FinTech: COVID or Not, Fintechs are Flourishing
Amidst the doom and gloom from the virus, fintechs are hiring, raising funds, and making billion-dollar acquisitions.
Interviews at financial services firms are up 39% since January 1, according to data from HackerRank quoted by Crunchbase. Even in the depths of the coronavirus crisis, fintech Stripe managed to raise an additional $600 million, garnering a better valuation to boot. SoFi went shopping to bag Galileo for $1.2 billion earlier this month. The SBA allowed fintechs to make loans under its Paycheck Protection Program. What’s working for fintechs? (CrunchBase)
They are in a sweet spot
The lockdowns and social distancing norms have driven consumers to fintech apps to manage their finances. On the other hand, traditional financial institutions are being forced to adopt technology, practically overnight, in a bid to sustain operations. In both use cases, fintechs come up trumps.
Working from home has become the new normal. Financial services companies are discovering the joys of remote hiring because they can now pick from a vastly expanded pool of talent.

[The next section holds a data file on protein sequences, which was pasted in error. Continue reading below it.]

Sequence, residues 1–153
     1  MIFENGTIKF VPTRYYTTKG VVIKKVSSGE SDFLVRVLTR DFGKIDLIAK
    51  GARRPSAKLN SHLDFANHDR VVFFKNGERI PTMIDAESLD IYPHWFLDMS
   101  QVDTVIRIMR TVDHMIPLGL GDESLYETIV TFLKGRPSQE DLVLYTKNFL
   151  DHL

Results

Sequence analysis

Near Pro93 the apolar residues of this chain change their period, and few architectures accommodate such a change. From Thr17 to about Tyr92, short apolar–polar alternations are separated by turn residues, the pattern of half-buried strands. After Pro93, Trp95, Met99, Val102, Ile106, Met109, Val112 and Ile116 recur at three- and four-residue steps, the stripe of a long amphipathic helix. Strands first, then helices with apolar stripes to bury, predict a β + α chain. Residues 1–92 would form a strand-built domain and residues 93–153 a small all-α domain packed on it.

“Where every sector is contracting, there is a credit crunch, people are losing jobs and companies are not actively hiring, we are uniquely growing and hiring,” said Domm Holland, co-founder, and CEO of Fast. “We are very hungry for talent.” The company is creating a one-click login and checkout platform to speed up and simplify online shopping. It raised $20 million in a Series A round in late March.
Fintech’s disruptive power amidst the virus turmoil
The virus has completely changed how people shop, learn, feed, or entertain themselves. Fintechs are best positioned to pivot to meet these new challenges.
Businesses revamping their physical businesses to online models are turning to payment processors such as Stripe or PayPal (NASDAQ: PYPL).
FinTech lending has suddenly come of age. Quick-on-the-draw loans for struggling businesses and individuals have placed lenders such as LendingClub (NYSE: LC) in a unique position during the crisis. In fact, in February, LendingClub even managed to become the first fintech to acquire a bank.
But fintechs have been building up their game over the last decade – improving technology, listening to consumers, and placing a premium on speed, convenience, and costs with their products or services.
Perhaps, COVID has turned out to be their debutante ball, and rightly so.
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